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General News | Nov 2, 2004

Ghana hosts marine resource protection project

GNA

Accra, Nov. 2, GNA - Ghana has been selected among 16 countries along the Gulf of Guinea to host the Project Coordination Office of the second phase of the Guinea Current Large Marine Ecosystem (GCLME) Project valued at 790 million US dollars.

The project, sponsored by the Global Environment Facility (GEF), an independent international NGO and implemented mainly by UNIDO and UNDP, was to protect marine resources in the Gulf of Guinea from waste oil and liquid pollutions.

The coordination office for the first phase of the project, which involved five West African countries along the Gulf of Guinea, namely Ghana, Togo, Liberia, Cote d'Ivoire and Cameroun, was hosted by Cote d'Ivoire for a five-year period.

Mr. Matthew Kwaku Antwi, Deputy Minister of Environment and Science told Journalists that the second phase of the project was for a seven-year period, with the possibility of extension, when the project succeeded in Ghana and warranted the conversion of the project office in Ghana into a permanent Project Commission.

He made the remark at the commissioning of the GCLME Project Coordination Office in Accra to mark the commencement of the second phase of the project.

Mr. Antwi noted that due to the success of the first phase of the project, which involved only five countries, all the other countries along the Gulf of Guinea, from Angola to Guinea Bissau, had been brought on board.

"There was a keen contest among the 16 countries for the hosting of the second phase of the project and Ghana won the opportunity on the grounds of our commitment to the first phase and for our relative political stability," he said.

He said as part of the project, Ghana was to present a Waste Oil Control Project to the implementers to be replicated in all the other 15 participating countries.

Mr. Antwi said the funding for the second phase of the project was basically for the training and provision of facilities to qualified private sector organizations, which were into the collection of waste oil and liquid waste at the seaports.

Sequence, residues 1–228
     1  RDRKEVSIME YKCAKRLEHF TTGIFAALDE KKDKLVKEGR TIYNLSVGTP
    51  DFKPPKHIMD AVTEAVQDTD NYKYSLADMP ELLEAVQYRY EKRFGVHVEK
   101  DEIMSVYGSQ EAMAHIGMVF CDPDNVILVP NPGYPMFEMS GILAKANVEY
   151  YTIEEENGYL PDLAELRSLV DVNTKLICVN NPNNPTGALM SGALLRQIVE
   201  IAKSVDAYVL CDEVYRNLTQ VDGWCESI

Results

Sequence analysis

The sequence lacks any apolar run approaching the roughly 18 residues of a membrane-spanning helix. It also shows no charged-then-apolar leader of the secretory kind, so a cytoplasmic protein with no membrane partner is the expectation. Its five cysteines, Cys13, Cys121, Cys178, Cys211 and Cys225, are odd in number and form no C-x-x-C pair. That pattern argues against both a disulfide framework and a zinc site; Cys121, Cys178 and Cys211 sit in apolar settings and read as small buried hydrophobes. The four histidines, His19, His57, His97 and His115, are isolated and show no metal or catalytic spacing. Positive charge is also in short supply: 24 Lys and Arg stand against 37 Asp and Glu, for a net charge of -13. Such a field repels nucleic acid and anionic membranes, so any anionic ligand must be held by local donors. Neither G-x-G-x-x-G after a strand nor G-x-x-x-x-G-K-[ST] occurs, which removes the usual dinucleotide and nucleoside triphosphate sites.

"The waste collectors would be provided with funding to acquire receptacles for the collection of the oil and liquid waste from ships and boats on arrival at the sea ports as a way of preventing the ship and boat owners from pouring the waste into the sea," he said.

He said during the first phase, selected private sector organizations were trained and provided with boats to do research on the amount, kind and source of pollution in the Gulf of Guinea.

Mr. Antwi noted that as a host, Ghana would benefit tremendously from the project, saying it would lead to job creation for Ghanaians, increased foreign exchange earnings, while several institutions in the country involved in marine studies and research, such as the Department of Water Research of the University of Ghana and the CSIR, would have the benefit of hosting the training programmes.

He urged all stakeholders to put their shoulder to the wheel to ensure the project realized its objectives.

Dr. Abel J. J. Rwenderie, Managing Director of the Project Office thanked the Ghana government for releasing the premises for the office and expressed the hope that with the continued support of the government and its local stakeholders, the project would succeed.

He assured local private sector organizations that they would be given preferential treatment in the distribution of resources and training for the project, saying, "we believe local people can manage local resources for solving local problems better than foreigners."

Dr. Rwenderie advised prospective beneficiaries of the project to be forewarned that the project would generate lots of data.

It was critical for the success of the project that such data should not remain on office shelves but to be used for the purpose for which they were generated, he said.

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